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Changing My Name

It’s what my mother called me for 6.5 years.  Memories of her scolding Haebeom linger in my memory.  It’s how my mother’s side of the family refers to me when I visit Korea: “Haebeom this,” “Haebeom that,” “Haebeom, you need more soju,” “Haebeom we don’t think you should do that,” etc.  It’s the name and identity I’m reclaiming – Haebeom.

Soon official documents will say Kevin Haebeom Vollmers, not Kevin Douglas Ost-Vollmers.  The change is something I welcome; Haebeom, whom I neatly tucked away (out of necessity) in the far corners all of these years, is ready to reemerge as I begin to journey through another chapter of my life.  Honestly, I’m unsure how well the integration of Haebeom will go in the immediate future, but I’m certain the merger will eventually result in a kinder, gentler, empathetic, compassionate, grounded, and understanding me.


4 Comments on Changing My Name

  1. legitimatebastard // March 25, 2013 at 2:31 pm // Reply

    May I ask a few questions?
    What “official documents” are you referring to?
    I ask for several reasons.
    Because I am an American domestic adoptee, born and adopted in the same city, I know only that I have a sealed New York State birth certificate, and a falsified New York birth certificate. I did not change my name when I was married, and there was no need for me to go back to my “maiden” name after divorce, so I don’t know how that is done.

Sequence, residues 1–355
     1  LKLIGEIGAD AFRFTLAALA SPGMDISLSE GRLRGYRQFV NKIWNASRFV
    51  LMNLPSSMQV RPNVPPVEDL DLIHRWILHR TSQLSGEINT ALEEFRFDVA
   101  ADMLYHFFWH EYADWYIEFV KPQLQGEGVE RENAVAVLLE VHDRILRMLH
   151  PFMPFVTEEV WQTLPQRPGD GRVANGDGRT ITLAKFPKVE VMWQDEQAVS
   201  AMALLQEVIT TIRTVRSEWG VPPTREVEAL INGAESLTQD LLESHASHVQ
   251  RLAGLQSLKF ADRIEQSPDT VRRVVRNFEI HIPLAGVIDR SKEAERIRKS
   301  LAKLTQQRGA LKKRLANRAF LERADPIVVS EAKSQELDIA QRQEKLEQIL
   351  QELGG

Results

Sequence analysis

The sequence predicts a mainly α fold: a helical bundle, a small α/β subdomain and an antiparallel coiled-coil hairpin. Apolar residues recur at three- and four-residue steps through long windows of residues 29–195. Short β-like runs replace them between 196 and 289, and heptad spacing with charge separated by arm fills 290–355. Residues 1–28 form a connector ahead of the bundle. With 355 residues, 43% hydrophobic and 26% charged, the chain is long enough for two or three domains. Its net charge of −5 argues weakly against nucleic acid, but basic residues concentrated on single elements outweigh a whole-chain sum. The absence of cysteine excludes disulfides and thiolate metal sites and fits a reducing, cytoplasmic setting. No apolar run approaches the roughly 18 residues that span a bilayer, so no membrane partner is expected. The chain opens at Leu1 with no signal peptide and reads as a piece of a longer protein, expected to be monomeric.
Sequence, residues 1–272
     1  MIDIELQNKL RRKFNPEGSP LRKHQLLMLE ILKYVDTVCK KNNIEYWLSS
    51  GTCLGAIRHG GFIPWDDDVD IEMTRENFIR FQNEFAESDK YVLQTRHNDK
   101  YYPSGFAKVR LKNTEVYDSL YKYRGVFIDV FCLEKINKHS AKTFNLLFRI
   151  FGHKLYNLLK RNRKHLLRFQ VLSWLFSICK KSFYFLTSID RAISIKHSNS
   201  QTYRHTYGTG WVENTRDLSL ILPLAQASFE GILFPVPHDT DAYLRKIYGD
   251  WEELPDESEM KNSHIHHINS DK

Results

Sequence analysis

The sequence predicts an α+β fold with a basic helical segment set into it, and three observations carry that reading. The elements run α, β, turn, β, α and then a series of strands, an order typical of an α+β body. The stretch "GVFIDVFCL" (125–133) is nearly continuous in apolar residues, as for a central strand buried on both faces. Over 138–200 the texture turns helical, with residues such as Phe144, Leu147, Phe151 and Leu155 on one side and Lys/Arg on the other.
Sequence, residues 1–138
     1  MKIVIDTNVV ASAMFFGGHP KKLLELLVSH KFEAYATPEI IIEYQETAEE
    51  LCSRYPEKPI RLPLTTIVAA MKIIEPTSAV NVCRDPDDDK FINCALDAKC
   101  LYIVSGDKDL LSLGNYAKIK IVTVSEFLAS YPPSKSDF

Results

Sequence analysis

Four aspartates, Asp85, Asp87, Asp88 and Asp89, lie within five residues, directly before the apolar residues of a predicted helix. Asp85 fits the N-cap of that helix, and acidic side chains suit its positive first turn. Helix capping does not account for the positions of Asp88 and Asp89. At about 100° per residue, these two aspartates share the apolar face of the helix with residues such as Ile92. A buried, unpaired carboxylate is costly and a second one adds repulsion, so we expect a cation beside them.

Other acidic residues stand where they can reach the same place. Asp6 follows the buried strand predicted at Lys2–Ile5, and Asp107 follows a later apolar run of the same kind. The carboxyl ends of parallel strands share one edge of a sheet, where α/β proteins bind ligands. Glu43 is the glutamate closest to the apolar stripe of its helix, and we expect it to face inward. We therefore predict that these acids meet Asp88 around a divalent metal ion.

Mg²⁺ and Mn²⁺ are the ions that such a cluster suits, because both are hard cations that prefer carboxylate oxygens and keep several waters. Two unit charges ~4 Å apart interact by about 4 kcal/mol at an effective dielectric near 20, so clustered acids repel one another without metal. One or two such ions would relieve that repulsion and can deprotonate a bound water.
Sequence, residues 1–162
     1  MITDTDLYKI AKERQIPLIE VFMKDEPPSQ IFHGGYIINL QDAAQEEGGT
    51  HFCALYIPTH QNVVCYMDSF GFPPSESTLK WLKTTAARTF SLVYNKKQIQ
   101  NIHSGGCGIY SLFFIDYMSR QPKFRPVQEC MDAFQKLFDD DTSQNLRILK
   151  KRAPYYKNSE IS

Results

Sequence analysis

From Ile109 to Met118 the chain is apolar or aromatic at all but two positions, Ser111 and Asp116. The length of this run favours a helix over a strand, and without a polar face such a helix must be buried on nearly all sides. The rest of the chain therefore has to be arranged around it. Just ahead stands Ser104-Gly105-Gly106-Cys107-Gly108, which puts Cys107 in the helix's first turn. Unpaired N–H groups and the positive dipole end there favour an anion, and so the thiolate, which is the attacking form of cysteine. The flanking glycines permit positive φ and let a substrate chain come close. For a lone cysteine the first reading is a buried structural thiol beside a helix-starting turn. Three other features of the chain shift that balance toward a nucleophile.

I don’t know what a foreign-born adoptee’s official documents are. Do you have a birth certificate from Korea? Is that sealed, too? When you were adopted, did your adoptive parents get a new, amended – falsified – birth certificate with their names on it and your new adoptive name?
    When you do an official name change, what “official documents” are changed?
    Will your amended birth certificate be null and void? What is the status of your Korean birth certificate?
    I’m asking because I am a white woman who doesn’t know the complexities of foreign-born adoptees in America.
    I hope you don’t think my questions too personal. Information is valuable for the long haul of the adoptees rights movement.
    Please see my website and specifically, and
    I welcome your feedback here, and at my website if you’d like to comment there.
    Thank you, and congratulations again!

  2. Good wishes with it. I use my ‘really’ name in adoptionland and find that a happy compromise.Works for me to use two names although I know it wouldn’t for all.

  3. The act of changing your name, for adoptee’s it is taking control for the first time. I was named Cheri by birth mother. First Molly, second Becky and third Linda, and fourth foster home Amy. My adoption name Michelle, the same name of the still-born child that I was adopted to replace. Marriage one, Taylor and two, Clifton. Seven different names, all mean the same….of whom Owns Me.
    My name has given me courage to speak out against child abuse of
    adopted children. My name is my freedom and liberation from where I have been.

  4. Gaye Tannenbaum // April 27, 2013 at 9:28 am // Reply

    I’m seriously considering adding my original surname as my middle name. I don’t have a middle name and my first name was never changed.

    The problem – I’m no longer a US resident so doing it through my “state of residence” is not an option. If I do it down here, I don’t know if the US will accept it and I have a lot more riding on my US identity.

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